How to Be a Neighbor (“The Good Samaritan” Unplugged)

He loaded the animal for the daily trip from Jerusalem to Jericho. That city provided much needed work. The daily trek through treacherous territory was a small price to pay. Good wages and amenable fellow workers made each day a welcome adventure. But this day would find exceptional surprise.

The Good Samaritan, by He Qi. Used by permission. Go to to view and purchase prints and posters.

As he and the animal climbed the path that passed random caves on one side and a dangerous drop on the other, two men went running by. They were nothing but a blur in the dusky dawn as they passed. It was unusual, but nothing to keep him from pressing on for a days’ wage.

When the morning sun peeked over the horizon he saw a shadowy figure slowly walking toward him. As it drew closer he noticed the robes of a priest. His head slowly bowed as the holy man walked by. He averted his eyes, but noticed a nervous shuffle in the priest’s step. Glancing back he watched the robed one throwing his gaze up to the heavens.

The sun was climbing and so was his animal. Picking up the pace toward a day of work, He pressed on. The footsteps of the animal pointed straight toward another stranger on the way. In the clear light he knew it was a Levite. The day seemed doubly blessed. But as he walked by the Levite raised his eyebrows and shrugged.

Rounding the next turn brought some much needed shade. For a moment his eyes were blinded. As they adjusted to the shade a twisted pile appeared on the ground in front of him. Drawing nearer his heart quickened to the discovery that the lump lying in front of him was a man.

The man had been beaten, bloodied, and left for dead.  Now he knew why two men had been sprinting in the early dawn. Apparently both a priest and a Levite had ignored the twisted pile of a man. But ignorance and ignoring would no longer take place. He got off his animal, took out his first aid kit, stopped the bleeding, and straightened the body as best he could. He heaved the pile off the ground, lifted it to the animal, and started off to the first place care could be given.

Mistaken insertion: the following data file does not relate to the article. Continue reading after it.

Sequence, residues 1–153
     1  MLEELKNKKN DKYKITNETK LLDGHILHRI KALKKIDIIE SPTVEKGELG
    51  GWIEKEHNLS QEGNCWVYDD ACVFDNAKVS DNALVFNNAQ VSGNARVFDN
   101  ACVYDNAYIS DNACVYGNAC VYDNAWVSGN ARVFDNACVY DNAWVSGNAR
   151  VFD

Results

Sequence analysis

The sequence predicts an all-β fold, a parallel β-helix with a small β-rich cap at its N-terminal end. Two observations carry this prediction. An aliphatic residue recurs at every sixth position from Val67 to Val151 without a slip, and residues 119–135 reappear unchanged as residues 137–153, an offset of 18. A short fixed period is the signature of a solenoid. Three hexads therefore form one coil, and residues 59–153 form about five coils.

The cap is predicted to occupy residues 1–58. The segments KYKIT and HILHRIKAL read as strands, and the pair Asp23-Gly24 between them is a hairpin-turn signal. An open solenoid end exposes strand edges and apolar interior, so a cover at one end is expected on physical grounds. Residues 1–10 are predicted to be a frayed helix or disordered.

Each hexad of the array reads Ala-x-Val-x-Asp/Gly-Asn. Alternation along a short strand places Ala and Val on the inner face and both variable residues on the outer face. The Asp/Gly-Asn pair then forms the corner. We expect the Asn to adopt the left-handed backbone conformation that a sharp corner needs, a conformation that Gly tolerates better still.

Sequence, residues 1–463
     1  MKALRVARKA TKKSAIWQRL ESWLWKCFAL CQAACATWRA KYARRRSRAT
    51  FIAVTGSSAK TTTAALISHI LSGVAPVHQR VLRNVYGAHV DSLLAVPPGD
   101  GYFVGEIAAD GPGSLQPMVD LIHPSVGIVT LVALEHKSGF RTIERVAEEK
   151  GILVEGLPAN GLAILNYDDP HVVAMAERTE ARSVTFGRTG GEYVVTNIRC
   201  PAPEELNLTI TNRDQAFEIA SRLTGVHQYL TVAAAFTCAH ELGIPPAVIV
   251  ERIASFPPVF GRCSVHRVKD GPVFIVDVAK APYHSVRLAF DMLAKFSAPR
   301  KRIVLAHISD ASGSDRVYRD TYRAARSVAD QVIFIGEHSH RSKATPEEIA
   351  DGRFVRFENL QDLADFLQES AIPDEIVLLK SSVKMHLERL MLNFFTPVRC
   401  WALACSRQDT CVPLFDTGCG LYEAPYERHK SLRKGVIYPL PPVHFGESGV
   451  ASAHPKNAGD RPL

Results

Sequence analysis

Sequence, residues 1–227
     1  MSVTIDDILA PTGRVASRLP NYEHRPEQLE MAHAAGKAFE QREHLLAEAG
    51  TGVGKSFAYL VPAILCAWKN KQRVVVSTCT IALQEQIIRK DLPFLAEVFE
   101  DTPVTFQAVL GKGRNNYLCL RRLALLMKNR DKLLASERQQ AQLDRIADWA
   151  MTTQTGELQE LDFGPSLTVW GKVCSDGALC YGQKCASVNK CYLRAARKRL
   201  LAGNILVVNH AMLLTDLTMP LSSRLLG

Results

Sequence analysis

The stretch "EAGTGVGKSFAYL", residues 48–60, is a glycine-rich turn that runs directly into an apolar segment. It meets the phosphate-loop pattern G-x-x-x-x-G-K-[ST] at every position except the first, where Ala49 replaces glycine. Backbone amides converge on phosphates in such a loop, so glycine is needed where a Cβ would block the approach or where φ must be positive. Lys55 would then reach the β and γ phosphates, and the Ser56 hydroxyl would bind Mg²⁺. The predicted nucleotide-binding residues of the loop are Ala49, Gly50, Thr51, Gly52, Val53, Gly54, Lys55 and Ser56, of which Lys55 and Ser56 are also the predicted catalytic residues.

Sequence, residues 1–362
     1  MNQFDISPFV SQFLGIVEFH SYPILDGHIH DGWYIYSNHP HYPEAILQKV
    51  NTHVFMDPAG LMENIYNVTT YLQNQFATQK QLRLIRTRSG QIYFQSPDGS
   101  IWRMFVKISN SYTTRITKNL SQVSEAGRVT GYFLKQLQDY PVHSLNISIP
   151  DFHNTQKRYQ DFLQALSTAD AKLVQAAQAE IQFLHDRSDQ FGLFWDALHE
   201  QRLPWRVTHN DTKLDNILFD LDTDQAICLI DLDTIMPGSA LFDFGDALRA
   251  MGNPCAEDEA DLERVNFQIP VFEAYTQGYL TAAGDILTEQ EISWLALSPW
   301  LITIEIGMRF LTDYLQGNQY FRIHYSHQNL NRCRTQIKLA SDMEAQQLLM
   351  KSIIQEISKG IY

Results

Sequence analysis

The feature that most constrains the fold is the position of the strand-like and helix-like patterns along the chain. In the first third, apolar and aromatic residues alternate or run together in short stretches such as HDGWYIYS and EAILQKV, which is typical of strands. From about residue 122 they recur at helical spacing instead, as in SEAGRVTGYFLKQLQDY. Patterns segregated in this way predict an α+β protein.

He gently laid his palm on the twisted pile of a man and moved with purpose. The animal’s empathetic eyes looked at its load with grace. They came to the place. “Please take him in. Care for him. I’ll pay you everything required. I’m on my way to work but will return this evening. If there’s any extra expense I will pay you then.”

As the sun set he came back to the place where care and comfort was given. He sat by the bed night after night, returning from each days’ work to do all he could to help the healing. He was a neighbor.

“Go and do likewise” (Luke 10:37).

Where have you seen mercy provided in an extraordinary way?

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